On February 2nd, 2016 the US Department of Commerce and European Commission issued a press release that outlined some key changes to the EU-US Safe Harbor; now dubbed the “Privacy Shield.”   This agreement replaces Safe Harbor, which was declared invalid on October 6th, 2015.

Here are some of the key updates since this major decision has been announced.

 

EU-US_Safe_Habor_Dates

 

Overview: What is Privacy Shield?

  • It is a robust framework under which personal data of EU individuals will be protected when it is transferred to the US.
  • It replaces Safe Harbor –declared invalid by EU Court October 6th, 2015.
  • It is a voluntary self-certification to the US Dept. of Commerce.
  • Once a company publicly commits to Privacy Shield, it is enforceable under US law.
  • It includes multiple avenues of redress to resolve complaints.
  • Privacy Shield companies must select an independent dispute resolution organization.
    • Panel created by the EU Data Protection Authorities (DPA’s).
    • Accredited organization in EU.
    • Accredited organization in US.
  • There are special provisions for HR personal information.
  • It is a ‘living commitment’ with annual review.
  • Privacy Shield will be effective with final approval of European Commission (est. June 2016).

 

7 Principles and 16 Supplemental Principles define the core provisions of the Privacy Shield framework.

Main Principles:

  1. Notice
  2. Choice
  3. Accountability for Onward Transfer
  4. Security
  5. Data Integrity and Purpose Limitations
  6. Access
  7. Recourse, Enforcement and Liability

 

16 Supplemental Principles:

  1. Sensitive Data
  2. Journalistic exceptions
  3. Secondary Liability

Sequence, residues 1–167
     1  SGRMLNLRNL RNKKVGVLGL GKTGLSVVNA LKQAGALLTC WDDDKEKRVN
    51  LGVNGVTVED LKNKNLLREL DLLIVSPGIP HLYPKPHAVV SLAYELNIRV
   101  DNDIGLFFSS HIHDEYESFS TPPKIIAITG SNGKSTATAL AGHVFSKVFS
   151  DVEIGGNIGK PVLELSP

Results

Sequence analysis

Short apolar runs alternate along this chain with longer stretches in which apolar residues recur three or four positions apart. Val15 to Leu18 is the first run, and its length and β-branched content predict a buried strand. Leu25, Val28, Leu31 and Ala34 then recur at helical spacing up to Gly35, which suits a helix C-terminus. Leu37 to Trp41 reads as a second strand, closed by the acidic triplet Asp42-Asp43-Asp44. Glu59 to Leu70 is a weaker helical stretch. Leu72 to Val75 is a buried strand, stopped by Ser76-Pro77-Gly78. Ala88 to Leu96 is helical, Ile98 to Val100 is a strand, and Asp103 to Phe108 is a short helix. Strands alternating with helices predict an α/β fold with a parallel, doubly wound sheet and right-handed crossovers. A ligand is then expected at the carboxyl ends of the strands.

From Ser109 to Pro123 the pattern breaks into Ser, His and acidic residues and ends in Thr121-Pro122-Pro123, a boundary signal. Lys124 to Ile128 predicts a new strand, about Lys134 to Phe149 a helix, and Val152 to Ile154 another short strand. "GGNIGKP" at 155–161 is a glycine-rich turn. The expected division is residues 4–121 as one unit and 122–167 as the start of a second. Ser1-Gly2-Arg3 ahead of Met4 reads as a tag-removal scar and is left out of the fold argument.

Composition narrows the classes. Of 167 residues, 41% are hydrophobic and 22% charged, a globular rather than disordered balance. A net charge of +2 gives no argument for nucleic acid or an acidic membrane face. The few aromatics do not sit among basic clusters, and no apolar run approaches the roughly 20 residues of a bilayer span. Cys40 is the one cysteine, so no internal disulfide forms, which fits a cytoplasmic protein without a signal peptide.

4. Performing Due Diligence and Conducting Audits
  5. Role of the Data Protection Authorities
  6. Self – Certification
  7. Verification
  8. Access
  9. Human Resource Data
  10. Obligatory Contracts for Onward Transfers
  11. Dispute Resolution and Enforcement
  12. Choice-Timing of Opt Out
  13. Travel Information
  14. Pharmaceutical and Medical Products
  15. Public Record and Publicly Available Information
  16. Access Requests by Public Authorities

If you would like to discuss Privacy Shield in greater detail and/or the specific impact on your company feel free to contact us any time.

The US Department of Commerce has issued a “Fact Sheet” overview of the EU-US Privacy Shield Framework it can be found here.

Privacy Shield will be complex; we strongly recommend consulting legal counsel with international privacy law expertise.

LockThe US Department of Commerce and European Commission issued press releases this week (Tuesday, Feb 2, 2016) that outline some key changes to the EU-US Safe Harbor; now dubbed the “Privacy Shield.”   This agreement replaces Safe Harbor which was declared invalid October 6, 2015.

Privacy Shield Summary

While the new accord still needs to be reviewed by the Article 29 Working Party and the College of Commissioners, but assuming it remains substantially the same, we can expect the following:

  • More stringent obligations on companies handling Europeans’ personal data and more robust enforcement
  • EU individuals will have access to multiple avenues to resolve concerns, including through alternative dispute resolution at no cost to the individual.
  • The Privacy Shield includes new contractual privacy protections and oversight for data transferred by participating companies to third parties or processed by those companies’ agents to improve accountability and ensure a continuity of protection.
  • Clear safeguards and transparency obligations on U.S. government access.  The US has agreed to an annual joint review with the EU, including with respect to national security access to personal data.